2019 Jaguar I-Pace electric crossover (brief) first drive review: 4:34 to the future
In the four minutes and 34 seconds that I get behind the wheel of the 2019 Jaguar I-Pace, I could listen to “Moby Dick” (Zeppelin, not Melville), make a bag of popcorn, or charge the electric Jag for about 20 miles.
Ideally, I’d like to do all three. But I get four minutes and 34 seconds to run my hands across its steering wheel and spaghetti around a parking lot in an improvised autocross course.
It’s long enough to marvel at Jaguar’s luxury electric crossover, but not long enough to forget the classic E-Types sitting 100 yards away in the automaker’s U.S. headquarters in Mahwah, New Jersey.
It’s also not long enough to draw any meaningful conclusions about the I-Pace, which goes on sale later this year.
But it’s long enough to know that things will change.
Back to the future
The 2019 Jaguar I-Pace carefully skips thoughtless trendiness in its looks, inside and out.
Jaguar Designer Wayne Burgess notes that the I-Pace still has to safely carry humans—who sit on their bottoms and mostly have protruding appendages—and cargo. It’s a modern interior, but there’s no vodka-bar chic décor or holograms on the dash; the I-Pace is clearly meant for Jag clientele first.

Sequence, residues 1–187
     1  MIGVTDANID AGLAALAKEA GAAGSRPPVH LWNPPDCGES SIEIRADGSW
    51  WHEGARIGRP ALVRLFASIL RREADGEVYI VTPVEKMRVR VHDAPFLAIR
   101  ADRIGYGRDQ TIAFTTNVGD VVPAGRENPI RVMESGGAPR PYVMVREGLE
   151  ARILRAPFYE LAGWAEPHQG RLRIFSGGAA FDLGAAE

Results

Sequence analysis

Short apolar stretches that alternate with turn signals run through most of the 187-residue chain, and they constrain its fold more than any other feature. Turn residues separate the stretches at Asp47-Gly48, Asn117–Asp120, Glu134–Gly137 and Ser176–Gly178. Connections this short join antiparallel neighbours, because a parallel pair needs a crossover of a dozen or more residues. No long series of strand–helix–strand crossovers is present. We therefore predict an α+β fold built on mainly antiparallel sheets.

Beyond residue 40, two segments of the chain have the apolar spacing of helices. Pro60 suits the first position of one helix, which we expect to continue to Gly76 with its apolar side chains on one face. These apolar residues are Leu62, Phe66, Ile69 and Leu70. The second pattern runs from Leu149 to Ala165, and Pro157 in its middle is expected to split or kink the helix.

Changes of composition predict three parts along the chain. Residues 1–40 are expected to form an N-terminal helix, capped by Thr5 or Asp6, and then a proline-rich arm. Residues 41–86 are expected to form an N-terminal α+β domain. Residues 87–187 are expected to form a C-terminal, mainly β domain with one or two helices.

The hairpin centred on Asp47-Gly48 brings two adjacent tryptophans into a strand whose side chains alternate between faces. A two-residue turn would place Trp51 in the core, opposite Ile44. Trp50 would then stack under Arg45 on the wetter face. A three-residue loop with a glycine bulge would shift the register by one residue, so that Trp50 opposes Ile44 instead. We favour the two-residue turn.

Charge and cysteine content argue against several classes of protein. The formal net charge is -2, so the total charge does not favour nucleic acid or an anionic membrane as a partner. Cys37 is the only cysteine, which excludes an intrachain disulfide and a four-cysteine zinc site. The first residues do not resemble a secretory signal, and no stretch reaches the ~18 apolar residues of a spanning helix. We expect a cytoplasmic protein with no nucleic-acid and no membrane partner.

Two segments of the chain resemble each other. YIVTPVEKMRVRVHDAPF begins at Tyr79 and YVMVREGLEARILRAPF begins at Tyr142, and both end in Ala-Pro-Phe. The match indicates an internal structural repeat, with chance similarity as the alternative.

MORE: Jaguar I-Pace designer Burgess says I-Pace would’ve never followed tradition
That means a usable back seat, a quiet interior, and leather everywhere. The I-Pace sports a cribbed version of Land Rover’s Touch Pro Duo setup—a 10-inch touchscreen on top and a smaller touchscreen on the bottom for climate controls and vehicle functions. I flick quickly through the menus, but that’s the sheet music, I’m here for the piano.
This Jag will live a clean life, free from gasoline and with straight enough sheet metal to be accepted as a freshman at Brigham Young University. The body was sculpted without Malcolm Sayer’s Coke-bottle shape; its sides are straight to keep air close to the body and wick it away for efficiency.
Jaguar has big ideas for the way the I-Pace drives and cuts a hole through the wind, but employs an anti-Whopper approach for how it’ll take on that task. Namely, very few substitutions are available in the drive menu.
Would you like idle creep? Would you like aggressive regen (up to 0.4 G)? That’s it. No “Sport” or “Ludicrous” settings. Nothing to adjust for the all-wheel-drive system—just let it work.
In that vein, the “shifter” is really just the four standard P, N, D, R buttons. Hardly techno.
I tap “D” because I have four minutes and 34 seconds to find out what that means to the I-Pace.